Sinead Ryan: Five ways Ireland will be poorer following the British decision to exit the EU
FROM trade to travel, here are five ways we'll be poorer from today following the historic British decision to exit the EU:
Britain is our biggest trading partner in Europe (and we theirs), by a long mile. It’s worth €1.2bn a week, or over €60bn a year. Brexit won’t do away with that, but any agreements under EU tenders or rules, for example, will have to be re-examined. New trade negotiations may have to take place with UK companies wanting to conduct business in Ireland. This all takes time, and while the UK very much wants to do business with us, it will now be less smooth. The ESRI has warned trade will slump by up to 20pc while Michael Noonan has said it could cost us €3bn between now and 2018 … the same €3bn he had earmarked for our ‘rainy day’ fund.
The UK and Ireland have enjoyed a common travel agreement since the 1920s, strengthened by EU membership. Brexit may mean that some sanctions are re-imposed, especially since migration was the recurring issue for Leave voters. They don’t mean us specifically, but it’s harder to introduce one law for some travellers and another for different ones. The 2011 Short Stay Visa Waiver programme allowed visitors to the UK to travel here, and vice versa, so we benefited from crossover tourism to the ‘British Isles’. This is sure to be re-examined. Brits account for 42pc of all tourism to Ireland, and we will be suddenly less attractive as a destination due to a drop in Sterling.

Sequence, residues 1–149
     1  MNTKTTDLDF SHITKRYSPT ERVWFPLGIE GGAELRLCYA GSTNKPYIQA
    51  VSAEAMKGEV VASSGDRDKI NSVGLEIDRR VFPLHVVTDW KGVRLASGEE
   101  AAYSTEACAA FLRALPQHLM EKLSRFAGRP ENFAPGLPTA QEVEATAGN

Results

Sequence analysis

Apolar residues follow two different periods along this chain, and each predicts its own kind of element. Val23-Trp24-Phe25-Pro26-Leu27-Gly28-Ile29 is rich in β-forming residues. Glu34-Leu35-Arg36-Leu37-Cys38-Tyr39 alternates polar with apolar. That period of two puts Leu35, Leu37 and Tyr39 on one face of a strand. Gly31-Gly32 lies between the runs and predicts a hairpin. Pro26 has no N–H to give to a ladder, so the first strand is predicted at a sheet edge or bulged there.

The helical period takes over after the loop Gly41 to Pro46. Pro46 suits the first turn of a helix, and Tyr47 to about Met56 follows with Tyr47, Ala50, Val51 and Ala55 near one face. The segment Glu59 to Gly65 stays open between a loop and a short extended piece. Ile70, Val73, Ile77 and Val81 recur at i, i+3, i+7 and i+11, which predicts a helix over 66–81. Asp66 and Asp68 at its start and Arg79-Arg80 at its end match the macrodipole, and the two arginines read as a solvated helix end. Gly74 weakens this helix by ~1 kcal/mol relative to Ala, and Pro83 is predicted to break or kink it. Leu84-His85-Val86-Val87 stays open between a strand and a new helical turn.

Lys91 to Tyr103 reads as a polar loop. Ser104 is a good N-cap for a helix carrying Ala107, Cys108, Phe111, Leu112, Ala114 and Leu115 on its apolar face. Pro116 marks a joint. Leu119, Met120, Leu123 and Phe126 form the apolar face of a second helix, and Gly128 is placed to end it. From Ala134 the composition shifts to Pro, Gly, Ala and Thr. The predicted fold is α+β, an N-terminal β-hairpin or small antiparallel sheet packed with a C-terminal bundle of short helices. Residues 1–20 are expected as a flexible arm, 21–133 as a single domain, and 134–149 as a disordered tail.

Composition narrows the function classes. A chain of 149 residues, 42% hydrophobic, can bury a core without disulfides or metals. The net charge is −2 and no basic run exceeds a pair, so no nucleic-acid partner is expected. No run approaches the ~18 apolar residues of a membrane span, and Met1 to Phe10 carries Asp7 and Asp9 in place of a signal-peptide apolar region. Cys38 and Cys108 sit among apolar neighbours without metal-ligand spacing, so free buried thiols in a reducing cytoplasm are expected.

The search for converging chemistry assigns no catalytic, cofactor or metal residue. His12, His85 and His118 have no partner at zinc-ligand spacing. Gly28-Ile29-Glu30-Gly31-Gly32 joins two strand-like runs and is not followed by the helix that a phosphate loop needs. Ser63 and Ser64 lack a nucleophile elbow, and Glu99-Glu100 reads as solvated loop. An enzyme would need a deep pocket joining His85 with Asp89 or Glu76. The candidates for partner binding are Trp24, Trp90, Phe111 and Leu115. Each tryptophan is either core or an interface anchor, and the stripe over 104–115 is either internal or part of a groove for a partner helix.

Sterling will take a hit immediately. Although traditionally a strong currency, it will probably rebound in time, but until then Irish exporters will feel the pain as it will be harder to sell products into the UK. Likewise importers of British products will need to impose higher prices to cover the costs of any renewed trade barriers. We’ll all feel that in our pockets.
€108bn is invested in pension funds here, much of it in equities and UK pension companies which operate here. With uncertainty surrounding stock markets pension funds will take a hit, which will particularly be felt by those who are due to retire over the next few years.
Brexit voters are sick and tired of bailing out other people’s problems. Some voters may include Scotland and Northern Ireland in this. There will certainly be increased pressure on the former to have another referendum on leaving the UK and with an annual spend of €7bn of British taxpayers money propping up Northern Ireland, others may call for this to be cut. That, along with border issues, might increase job losses there and put a strain on cross border trade and activity.